Written by Robin Bisson
In June, Rothamsted Research announced the results of a field trial of wheat they had genetically engineered to emit an insect alarm pheromone. The researchers hoped the engineered wheat would repel aphids without the need for spraying. Despite success in preliminary lab studies, the results were negative. But the way the researchers went about communicating their results was hugely positive: they held a press briefing.
The fact that Rothamsted scientists were proactive in talking about what they had learned from disappointing results should be no surprise to anyone who has followed this research project. Before the experiment began, the team held another press briefing to explain to reporters how the trial would work. When a protest group under the name Take the Flour Back threatened to rip up the experimental crop, Rothamsted wrote an open letter entreating the protestors not to destroy research. They also produced a YouTube video appeal and offered to run a public event at a neutral venue to discuss the protestors’ fears.
In the face of widespread public support for Rothamsted the ‘decontamination’ never took place (though the whole affair added around $3m dollars to the cost of the trial). From beginning to end, the way the researchers took their work to the media and to the wider public resulted in their science getting a fair hearing, despite headline grabbing controversy. As an unintended consequence of all the media attention, the scientific process – from lab results to field trial to final results – was illustrated beautifully before the public eye.
It is this spirit of proactive engagement that underpins a new project recently launched in the U.S., the Genetic Expert News Service (GENeS). We are a small DC-based nonprofit whose aim is to increase the access journalists, commentators, policymakers and the public have to scientific expertise on the latest news on genetics and biotechnology.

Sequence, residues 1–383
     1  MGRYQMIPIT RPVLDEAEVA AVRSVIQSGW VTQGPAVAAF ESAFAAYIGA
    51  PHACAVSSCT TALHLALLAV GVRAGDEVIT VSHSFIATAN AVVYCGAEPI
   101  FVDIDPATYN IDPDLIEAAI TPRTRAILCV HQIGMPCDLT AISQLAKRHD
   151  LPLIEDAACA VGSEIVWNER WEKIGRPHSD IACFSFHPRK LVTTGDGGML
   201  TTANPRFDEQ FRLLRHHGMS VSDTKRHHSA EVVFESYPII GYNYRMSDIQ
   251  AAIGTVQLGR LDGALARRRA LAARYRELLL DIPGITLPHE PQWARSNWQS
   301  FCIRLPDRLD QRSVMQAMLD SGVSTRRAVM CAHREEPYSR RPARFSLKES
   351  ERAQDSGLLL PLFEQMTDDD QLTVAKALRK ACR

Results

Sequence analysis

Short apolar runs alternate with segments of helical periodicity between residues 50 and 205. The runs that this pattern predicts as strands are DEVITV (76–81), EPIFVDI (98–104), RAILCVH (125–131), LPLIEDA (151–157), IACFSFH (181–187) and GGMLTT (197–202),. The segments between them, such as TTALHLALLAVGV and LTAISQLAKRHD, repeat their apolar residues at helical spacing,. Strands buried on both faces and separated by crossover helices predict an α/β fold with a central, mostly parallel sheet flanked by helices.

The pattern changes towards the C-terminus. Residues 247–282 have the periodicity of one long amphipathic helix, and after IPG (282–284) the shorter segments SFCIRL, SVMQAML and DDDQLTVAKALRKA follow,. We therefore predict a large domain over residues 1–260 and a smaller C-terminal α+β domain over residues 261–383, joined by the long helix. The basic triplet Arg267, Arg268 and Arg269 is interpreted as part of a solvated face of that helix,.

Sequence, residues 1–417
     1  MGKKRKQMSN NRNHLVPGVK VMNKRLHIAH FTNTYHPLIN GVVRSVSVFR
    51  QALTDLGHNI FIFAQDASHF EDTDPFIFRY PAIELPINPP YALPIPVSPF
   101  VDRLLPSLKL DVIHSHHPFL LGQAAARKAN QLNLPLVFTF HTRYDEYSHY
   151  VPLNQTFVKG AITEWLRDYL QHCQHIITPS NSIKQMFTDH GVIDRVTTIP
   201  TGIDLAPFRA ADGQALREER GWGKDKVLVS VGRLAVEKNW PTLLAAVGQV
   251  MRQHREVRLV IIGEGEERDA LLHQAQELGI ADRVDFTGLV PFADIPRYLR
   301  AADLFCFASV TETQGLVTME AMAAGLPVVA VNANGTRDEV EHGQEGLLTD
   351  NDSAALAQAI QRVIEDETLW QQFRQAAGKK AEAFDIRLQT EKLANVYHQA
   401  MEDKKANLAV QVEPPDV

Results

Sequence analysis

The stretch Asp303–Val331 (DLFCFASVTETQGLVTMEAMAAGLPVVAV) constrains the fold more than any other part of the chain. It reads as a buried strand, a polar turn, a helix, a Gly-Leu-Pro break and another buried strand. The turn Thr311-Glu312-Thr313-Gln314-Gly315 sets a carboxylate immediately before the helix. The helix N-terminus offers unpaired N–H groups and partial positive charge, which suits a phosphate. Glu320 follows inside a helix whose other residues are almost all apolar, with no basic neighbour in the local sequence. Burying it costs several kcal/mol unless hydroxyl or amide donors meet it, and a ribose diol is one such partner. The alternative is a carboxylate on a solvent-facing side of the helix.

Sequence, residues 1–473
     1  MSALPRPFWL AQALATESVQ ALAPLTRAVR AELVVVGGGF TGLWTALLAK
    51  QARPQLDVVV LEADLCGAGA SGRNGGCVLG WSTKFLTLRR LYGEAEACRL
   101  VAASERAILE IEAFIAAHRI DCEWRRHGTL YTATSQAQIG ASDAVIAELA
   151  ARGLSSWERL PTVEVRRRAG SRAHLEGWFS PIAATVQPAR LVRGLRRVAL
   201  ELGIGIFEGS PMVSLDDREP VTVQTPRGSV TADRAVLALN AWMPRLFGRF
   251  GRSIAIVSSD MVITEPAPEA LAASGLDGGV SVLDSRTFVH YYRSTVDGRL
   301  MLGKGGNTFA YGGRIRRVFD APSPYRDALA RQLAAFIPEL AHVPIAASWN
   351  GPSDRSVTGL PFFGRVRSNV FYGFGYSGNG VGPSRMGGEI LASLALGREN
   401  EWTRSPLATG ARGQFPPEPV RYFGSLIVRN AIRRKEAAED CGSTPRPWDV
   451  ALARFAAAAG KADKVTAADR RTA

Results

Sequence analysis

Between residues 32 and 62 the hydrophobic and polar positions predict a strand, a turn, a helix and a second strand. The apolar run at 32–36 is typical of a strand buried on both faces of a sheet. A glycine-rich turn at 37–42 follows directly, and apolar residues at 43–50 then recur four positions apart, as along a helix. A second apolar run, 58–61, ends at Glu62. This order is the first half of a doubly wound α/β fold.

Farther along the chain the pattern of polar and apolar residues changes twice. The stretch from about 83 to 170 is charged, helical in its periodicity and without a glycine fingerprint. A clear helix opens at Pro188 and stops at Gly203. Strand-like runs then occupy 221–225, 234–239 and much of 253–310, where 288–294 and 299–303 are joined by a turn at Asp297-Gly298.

We identify research stories that are likely to grab journalists’ attention and seek out scientists who can offer their expert take on the importance of new findings. We also react to breaking news stories, like Chipotle’s announcement of going ‘GMO-free’ or the news that human embryos had been genome edited for the first time. All the comments we gather are sent to the inboxes of journalists as a resource for reporting, either as background information, a source for good contacts, or for direct quoting.
(See this SciLogs blogpost for a neat explanation of how the process works).
We also take direct inquiries from journalists, policy professionals, and anyone engaging in public debates around genetics who needs an expert. By making researchers more visible to people shaping public information about science, we help debates to be founded on robust, evidence-based information. We aim to make it easy for scientists to engage without having to take too much time from busy research and teaching schedules.
These are exciting days for science communication. There are hundreds of ways to communicate about science, and hundreds of ways for people to consume science news. Despite this, mainstream media outlets are still the dominant source of scientific information for Americans, so engaging with journalists is still an extremely effective way to get solid, robust information to the masses.
The team at Rothamsted didn’t do it all by themselves. They had a great media team around them, and the support of organizations like the UK’s Science Media Centre and Sense About Science to help them communicate effectively. As a former staff member at the UK Science Media Centre, I hope GENeS will be able to help US researchers willing to put themselves in the public eye and stand up for evidence-based thinking.
GENeS is funded by the trusts and foundations who support the Genetic Literacy Project, by the UC Davis Institute for Food and Agricultural Literacy, and by the UC Office of the President Global Food Initiative. If you are interested in being part of the GENeS expert database, or want to receive GENeS mailings, please get in touch at email@example.com or (202) 833-4613.
Written by Guest Expert
Robin Bisson is a Senior Press Officer at the Institute of Psychiatry, Psychology & Neuroscience (IoPPN) at King’s College of London. He previously ran the Genetic Expert News Service, a DC-based nonprofit providing media access to scientific expertise on genetics and biotechnology news.